We all deal with different circumstances both personally and professionally, so I implore you to be wary of strictly adhering to the advice of someone who has deemed themselves an authority on how you find peace in your combination of these two huge components of your life.

2. My employees would rather work for a good “family man” than a workaholic

Back in 2014 when my first son was born, I was constantly dealing with an anxious feeling that my colleagues had a problem with my reduction in hours spent at the gym. For years I’d spent 5-6 days each week living my business, and suddenly I was cutting staff-lift off of my to-do list and managing the company email account a whole lot more from my kitchen table. The work was getting done, but I became less of the constant presence that I once was.

That year, as we hit the mid-point of the CSP Fall Internship, I asked our intern (and current employee), Tony Bonvechio, what he hoped to learn from me during the last eight weeks of his time with us. His answer surprised me:

“I want to continue to observe how you manage to keep CSP moving and growing while simultaneously being a present father and husband. I hope to emulate your balance some day when I start my own family.”


Here I was thinking that my staff was resentful of my new tendencies as a business owner, while some, if not all of them, respected my decision to draw a line in the sand and declare that family will always take priority over being an entrepreneur. I’ve come to appreciate the fact that some of us live to work, while others work to live. The employees who fall into the latter category don’t want to feel like their contributions are perceived to be less valuable than those that come from people who can’t turn off their brains and exit work mode.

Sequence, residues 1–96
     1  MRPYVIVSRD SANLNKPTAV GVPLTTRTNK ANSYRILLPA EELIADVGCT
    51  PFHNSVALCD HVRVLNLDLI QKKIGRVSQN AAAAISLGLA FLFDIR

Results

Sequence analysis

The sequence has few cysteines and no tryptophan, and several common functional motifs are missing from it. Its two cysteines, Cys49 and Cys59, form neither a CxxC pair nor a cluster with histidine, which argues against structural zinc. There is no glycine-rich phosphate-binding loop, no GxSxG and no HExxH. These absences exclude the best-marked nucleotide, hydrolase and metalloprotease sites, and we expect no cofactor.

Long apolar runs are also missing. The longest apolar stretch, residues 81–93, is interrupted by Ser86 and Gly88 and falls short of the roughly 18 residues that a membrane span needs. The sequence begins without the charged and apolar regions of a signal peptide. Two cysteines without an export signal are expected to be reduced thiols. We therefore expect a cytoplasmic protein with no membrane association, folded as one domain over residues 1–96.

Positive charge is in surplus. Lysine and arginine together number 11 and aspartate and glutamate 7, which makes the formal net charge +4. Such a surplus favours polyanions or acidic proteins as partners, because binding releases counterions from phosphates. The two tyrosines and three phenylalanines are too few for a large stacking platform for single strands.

Being an employer or colleague who is known for placing “life” at or above “work” while still managing to do their job can be a good thing. People just want to know that they work for someone with a firm and consistent value structure.

3. Micro-managers will never find a work-life balance

If you don’t trust your team and your systems, you will forever be a slave to your work. Fitness facilities like CSP can’t function on the shoulders of a single individual. So why do so many gym owners try to oversee every aspect of their business operations despite having capable employees who are painfully underutilized and who crave more responsibility?

From 2007 through 2014, we worked diligently to create tried and tested systems for assessing athletes, designing programs, processing payments, scheduling training sessions, fielding phone calls, instructing individualized training sessions, educating our interns, providing nutrition guidance, and much more. Guess how many of the tasks I’ve mentioned qualify as my responsibility today? None of them. I could meddle in the execution of each and every one of these important components of our day-to-day operation, but I don’t; I trust my team.

Since my employees are in tune with their roles and responsibilities, I can spend my working hours focusing on business development, brand management, and marketing strategy that drive CSP revenues in the long-term. Once those hours are behind me, instead of re-checking my employee’s work, I go home and throw myself into discussions about who went down “the big slide” today and what kind of goldfish crackers were served during snack time.

For the moment, I am at peace with my work-life balance, but that doesn’t mean you would be.